“In these difficult times, we cannot lose track of the needs of our most disadvantaged students. LEAs (school districts) will need to solve a variety of concerns about access,” the state’s guidance reads.

Many questions remain unanswered as the state’s massive K-12 education system — 1,000 school districts serving more than 6 million children in the public schools alone — begins to absorb the news that the school year may be upended. Among them: Will summer school be available to make up lost learning? Will students have to repeat their current grade next year? And, more broadly, how will working parents adapt to the prolonged school closures and still hold onto their jobs?

Parents can use sick time to care for children whose schools have been closed by the government, according to guidance Newsom issued Tuesday, though many workers only have a few days of sick leave. Parents who can’t work because they are taking care of their children during the school closures can apply for unemployment benefits, the guidance says.

Some campuses will open for meal service or be turned into child care sites to help working parents, Newsom said, though it remains unclear how that will stem the spread of disease. If campuses are open for child care, why not open them for school? Newsom said the decisions were being made locally by districts that vary from tiny rural outposts to enormous urban centers.

Alarming estimates

Newsom also talked about preparedness. “We’re running every conceivable model,” Newsom said.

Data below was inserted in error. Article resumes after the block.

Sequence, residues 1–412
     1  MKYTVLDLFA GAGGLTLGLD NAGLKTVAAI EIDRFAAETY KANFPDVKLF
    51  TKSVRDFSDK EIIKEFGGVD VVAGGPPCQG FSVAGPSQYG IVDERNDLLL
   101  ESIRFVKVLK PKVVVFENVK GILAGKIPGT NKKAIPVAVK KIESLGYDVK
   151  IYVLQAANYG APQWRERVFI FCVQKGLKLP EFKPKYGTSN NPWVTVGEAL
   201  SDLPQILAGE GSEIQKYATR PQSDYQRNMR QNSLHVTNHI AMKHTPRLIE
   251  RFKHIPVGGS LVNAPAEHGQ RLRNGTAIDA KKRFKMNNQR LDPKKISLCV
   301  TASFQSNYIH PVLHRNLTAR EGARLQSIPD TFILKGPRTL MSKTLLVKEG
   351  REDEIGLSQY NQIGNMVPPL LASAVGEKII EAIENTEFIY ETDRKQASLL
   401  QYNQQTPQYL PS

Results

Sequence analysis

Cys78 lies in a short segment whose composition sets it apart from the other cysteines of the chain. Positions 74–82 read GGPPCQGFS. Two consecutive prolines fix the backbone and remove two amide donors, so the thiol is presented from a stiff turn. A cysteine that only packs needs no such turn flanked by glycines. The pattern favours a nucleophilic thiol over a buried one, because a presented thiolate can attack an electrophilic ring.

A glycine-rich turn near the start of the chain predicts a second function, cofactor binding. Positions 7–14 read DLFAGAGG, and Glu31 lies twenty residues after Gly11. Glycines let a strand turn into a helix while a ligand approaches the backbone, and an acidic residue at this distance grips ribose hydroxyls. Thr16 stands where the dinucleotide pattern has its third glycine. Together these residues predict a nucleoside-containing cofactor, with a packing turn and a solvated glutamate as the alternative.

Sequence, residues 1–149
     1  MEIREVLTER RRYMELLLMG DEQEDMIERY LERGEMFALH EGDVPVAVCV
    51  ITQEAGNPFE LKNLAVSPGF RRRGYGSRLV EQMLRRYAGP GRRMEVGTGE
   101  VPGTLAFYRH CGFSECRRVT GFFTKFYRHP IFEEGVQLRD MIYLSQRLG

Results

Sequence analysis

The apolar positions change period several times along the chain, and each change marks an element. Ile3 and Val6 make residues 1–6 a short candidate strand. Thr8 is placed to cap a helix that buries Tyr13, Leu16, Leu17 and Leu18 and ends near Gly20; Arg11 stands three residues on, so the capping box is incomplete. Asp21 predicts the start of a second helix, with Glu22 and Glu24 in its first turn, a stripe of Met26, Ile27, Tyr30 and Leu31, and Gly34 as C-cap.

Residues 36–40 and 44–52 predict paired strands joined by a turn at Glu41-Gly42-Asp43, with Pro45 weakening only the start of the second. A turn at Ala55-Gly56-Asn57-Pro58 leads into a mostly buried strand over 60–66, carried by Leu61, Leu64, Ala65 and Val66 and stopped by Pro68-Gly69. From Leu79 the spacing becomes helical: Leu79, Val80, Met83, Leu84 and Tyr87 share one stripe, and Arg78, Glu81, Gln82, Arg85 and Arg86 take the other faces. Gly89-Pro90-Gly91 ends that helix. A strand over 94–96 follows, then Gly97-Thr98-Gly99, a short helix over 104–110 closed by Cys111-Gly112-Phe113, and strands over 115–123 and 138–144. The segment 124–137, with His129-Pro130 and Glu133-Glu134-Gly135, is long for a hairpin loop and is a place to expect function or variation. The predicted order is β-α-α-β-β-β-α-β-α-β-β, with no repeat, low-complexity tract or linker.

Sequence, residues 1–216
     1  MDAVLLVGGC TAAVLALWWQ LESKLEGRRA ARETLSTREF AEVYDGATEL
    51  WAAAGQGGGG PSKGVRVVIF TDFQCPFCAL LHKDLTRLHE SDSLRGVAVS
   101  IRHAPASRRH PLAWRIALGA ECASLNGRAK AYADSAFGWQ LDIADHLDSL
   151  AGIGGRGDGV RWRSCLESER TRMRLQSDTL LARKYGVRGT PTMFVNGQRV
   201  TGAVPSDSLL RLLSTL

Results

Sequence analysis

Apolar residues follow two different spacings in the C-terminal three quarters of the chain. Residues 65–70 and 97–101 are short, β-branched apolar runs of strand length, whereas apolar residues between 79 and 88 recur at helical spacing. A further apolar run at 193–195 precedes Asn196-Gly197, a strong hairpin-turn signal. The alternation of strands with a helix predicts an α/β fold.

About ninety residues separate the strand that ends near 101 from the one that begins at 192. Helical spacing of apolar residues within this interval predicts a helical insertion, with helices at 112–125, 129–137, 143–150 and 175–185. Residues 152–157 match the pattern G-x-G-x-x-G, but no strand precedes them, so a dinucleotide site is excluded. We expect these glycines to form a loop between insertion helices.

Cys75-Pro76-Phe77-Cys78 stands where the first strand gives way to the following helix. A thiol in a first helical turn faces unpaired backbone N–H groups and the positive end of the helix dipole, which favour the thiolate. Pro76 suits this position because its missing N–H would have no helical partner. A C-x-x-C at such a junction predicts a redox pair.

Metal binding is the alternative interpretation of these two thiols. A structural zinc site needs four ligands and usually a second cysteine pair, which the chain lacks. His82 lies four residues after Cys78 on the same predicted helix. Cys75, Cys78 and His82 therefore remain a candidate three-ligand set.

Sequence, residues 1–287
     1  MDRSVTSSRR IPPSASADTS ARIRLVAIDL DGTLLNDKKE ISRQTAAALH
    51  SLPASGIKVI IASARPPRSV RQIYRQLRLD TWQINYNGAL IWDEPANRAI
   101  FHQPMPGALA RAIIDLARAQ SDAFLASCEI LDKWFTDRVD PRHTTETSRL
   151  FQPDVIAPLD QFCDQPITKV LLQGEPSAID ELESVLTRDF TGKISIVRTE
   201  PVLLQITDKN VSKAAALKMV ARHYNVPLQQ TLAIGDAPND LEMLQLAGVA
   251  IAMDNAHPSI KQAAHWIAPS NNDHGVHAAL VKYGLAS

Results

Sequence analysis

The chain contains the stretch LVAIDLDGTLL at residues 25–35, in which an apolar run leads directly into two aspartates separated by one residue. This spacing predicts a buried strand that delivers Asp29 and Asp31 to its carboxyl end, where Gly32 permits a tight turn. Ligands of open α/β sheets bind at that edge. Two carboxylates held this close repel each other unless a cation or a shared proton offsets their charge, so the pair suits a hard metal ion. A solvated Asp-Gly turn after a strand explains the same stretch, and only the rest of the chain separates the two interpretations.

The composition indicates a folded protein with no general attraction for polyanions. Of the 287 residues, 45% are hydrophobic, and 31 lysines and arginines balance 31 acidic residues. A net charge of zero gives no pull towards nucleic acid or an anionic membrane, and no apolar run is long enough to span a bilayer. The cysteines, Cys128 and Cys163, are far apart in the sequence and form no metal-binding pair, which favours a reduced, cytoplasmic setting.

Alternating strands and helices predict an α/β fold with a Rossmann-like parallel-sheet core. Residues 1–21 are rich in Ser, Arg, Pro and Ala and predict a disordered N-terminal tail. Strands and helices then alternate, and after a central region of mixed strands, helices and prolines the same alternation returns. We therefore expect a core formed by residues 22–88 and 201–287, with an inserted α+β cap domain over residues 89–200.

Newsom and Mark Ghaly, secretary of California Health and Human Services would not say whether they would make these models public. But Newsom did project, with a 5% hospitalization rate, a need for 4,000 additional beds — and that’s on the low end, Newsom said. “You get up to 20%, you’re closer to 19 – 20,000 beds.”

Newsom said he’d rather not alarm anyone with more estimates. But a need for 20,000 additional beds is double what Newsom pegged the state’s current surge capacity at roughly 10,000 hospital beds. That’s why the state is focusing on social distancing. “The more we do individually will reduce those rates,” Newsom said. “We are not victims of fate. We are victims only of bad decisions.”

In other developments on Tuesday, Sacramento and Monterey counties adopted the severe restrictions already in place in Bay Area counties — requiring people to stay at home except for essential trips to get food or medicine. Newsom said he expects additional counties to adopt the rules in the coming days, but stopped short of ordering a statewide lockdown or formal order to “shelter in place.”

“If we don’t feel they are doing it quickly enough we will encourage more,” he said.

Newsom said he had put the National Guard on alert to be ready to distribute food and maintain public safety, and raised the possibility that the state could eventually move to military control if people don’t follow the guidance to stay home.

“We have the ability to do martial law, things like that, layer new requirements and authority,” he said. “If we feel the necessity to do that, we will do that.”

* CalMatters reporter Rachel Becker contributed to this report.

CalMatters.org is a nonprofit, nonpartisan media venture explaining California policies and politics.